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Minerva (in Greek, Atheʹnē)


The most famous statue of this goddess was by Phidias, the Greek sculptor. It was wood encased with ivory; the drapery, however, was of solid gold. It represented the goddess standing, clothed with a tunic reaching to the ankles, a spear in her left hand, and an image of Victory (four cubits high = about six feet) in her right. She is girded with the ægis, has a helmet on her head, and her shield rests by her side on the ground. The entire height was nearly forty feet. This statue was anciently one of the “Seven Wonders of the World.” A superb statue of the goddess was found at Velletri, but, whether this was the famous statue of Phidias is not known. It is preserved in the Imperial Museum.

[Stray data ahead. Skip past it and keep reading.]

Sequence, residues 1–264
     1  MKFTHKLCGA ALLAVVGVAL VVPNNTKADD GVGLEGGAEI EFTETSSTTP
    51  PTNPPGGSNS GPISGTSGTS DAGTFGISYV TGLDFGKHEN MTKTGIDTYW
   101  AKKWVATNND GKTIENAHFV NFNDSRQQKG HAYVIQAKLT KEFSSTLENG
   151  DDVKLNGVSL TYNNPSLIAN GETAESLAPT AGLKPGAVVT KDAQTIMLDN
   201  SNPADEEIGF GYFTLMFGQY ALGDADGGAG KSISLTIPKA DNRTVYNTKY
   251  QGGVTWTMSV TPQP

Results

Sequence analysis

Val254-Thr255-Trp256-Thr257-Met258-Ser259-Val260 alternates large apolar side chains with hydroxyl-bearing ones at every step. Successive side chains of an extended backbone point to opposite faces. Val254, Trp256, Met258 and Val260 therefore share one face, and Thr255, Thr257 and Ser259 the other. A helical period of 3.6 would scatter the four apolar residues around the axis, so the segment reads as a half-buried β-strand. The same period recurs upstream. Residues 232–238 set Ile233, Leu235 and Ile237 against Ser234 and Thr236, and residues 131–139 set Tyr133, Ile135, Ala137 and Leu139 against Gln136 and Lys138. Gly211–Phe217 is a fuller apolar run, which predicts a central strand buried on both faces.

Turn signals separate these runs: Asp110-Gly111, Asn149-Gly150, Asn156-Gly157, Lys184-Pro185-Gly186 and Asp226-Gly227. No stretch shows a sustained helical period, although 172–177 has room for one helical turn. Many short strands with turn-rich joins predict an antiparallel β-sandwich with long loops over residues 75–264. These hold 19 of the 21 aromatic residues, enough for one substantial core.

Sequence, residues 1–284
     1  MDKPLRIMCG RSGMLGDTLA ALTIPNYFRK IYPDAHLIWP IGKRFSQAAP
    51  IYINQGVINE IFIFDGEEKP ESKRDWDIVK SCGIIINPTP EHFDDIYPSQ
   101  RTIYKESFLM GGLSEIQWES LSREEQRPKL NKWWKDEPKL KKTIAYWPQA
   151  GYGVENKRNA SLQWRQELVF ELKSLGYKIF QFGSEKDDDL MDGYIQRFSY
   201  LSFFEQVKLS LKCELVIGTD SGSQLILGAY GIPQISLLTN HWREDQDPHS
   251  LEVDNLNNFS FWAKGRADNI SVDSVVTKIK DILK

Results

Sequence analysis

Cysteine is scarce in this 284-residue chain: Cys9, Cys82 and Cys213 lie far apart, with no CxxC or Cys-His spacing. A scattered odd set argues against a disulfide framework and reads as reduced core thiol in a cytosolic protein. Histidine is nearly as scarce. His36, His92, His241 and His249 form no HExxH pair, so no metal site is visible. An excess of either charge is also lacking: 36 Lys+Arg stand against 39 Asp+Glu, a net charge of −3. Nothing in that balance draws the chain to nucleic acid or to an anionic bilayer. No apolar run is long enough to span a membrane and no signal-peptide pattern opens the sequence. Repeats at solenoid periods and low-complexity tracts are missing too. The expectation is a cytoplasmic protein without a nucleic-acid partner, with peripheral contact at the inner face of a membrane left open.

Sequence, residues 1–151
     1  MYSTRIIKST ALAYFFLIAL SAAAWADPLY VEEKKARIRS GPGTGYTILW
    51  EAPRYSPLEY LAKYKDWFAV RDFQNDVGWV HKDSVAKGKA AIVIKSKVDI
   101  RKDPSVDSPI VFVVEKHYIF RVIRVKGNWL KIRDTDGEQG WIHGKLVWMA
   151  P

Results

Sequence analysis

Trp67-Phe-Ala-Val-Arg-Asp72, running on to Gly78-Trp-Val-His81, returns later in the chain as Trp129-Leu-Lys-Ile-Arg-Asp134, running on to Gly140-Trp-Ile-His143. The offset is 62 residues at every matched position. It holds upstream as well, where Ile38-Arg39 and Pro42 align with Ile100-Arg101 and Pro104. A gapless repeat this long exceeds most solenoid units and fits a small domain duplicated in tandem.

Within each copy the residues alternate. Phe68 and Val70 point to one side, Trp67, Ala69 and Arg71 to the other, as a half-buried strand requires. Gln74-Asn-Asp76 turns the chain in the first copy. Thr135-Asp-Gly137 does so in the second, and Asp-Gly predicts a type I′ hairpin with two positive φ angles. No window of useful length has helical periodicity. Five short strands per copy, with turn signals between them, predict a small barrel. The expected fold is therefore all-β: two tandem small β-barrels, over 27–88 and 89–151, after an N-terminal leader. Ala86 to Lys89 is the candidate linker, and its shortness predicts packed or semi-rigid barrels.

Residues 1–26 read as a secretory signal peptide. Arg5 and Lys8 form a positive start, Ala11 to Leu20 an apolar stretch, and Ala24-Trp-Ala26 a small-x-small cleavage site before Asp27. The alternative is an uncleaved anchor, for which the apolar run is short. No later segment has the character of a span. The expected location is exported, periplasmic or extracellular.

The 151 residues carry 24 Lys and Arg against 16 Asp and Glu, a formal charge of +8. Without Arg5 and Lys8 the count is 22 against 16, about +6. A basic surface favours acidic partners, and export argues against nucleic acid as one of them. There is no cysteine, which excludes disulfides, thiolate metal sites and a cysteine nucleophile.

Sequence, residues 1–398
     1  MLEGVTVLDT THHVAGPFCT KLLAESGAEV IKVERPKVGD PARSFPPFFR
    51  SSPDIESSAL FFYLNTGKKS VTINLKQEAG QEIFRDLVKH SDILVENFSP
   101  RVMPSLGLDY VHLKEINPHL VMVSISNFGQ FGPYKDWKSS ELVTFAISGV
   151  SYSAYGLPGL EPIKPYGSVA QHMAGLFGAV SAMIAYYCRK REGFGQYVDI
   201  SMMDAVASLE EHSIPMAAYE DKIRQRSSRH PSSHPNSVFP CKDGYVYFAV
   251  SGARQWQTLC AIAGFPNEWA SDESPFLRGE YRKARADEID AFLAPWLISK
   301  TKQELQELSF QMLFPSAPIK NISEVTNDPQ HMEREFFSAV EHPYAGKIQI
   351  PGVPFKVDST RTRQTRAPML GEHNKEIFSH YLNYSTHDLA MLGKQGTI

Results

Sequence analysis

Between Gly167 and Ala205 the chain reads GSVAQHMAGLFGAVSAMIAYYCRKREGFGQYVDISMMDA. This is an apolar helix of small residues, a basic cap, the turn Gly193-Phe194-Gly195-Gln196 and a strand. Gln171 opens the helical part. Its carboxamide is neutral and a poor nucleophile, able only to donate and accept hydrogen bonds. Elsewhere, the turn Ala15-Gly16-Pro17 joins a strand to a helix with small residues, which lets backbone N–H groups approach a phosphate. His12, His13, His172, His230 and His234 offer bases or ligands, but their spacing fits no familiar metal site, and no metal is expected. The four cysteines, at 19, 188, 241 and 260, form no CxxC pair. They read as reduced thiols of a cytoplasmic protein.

‘The exquisite antique statue of Minerva Medica is in the Vatican of Rome.

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Entry taken from Dictionary of Phrase and Fable, edited by the Rev. E. Cobham Brewer, LL.D. and revised in 1895.

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Mince (French)
Mince Pies
Mince the Matter
Minch-house (A)
Mincing Lane (London)
Mincio or Mintio
Mind your Eye
Mind your Own Business
Minden Boys
Minerva (in Greek, Athenē)
Minerva Press (The)
Minie Rifle
Minims (Latin, Fratres Minimi, least of the brethren)
Minna Troil
Minnehaha [Laughing-water]

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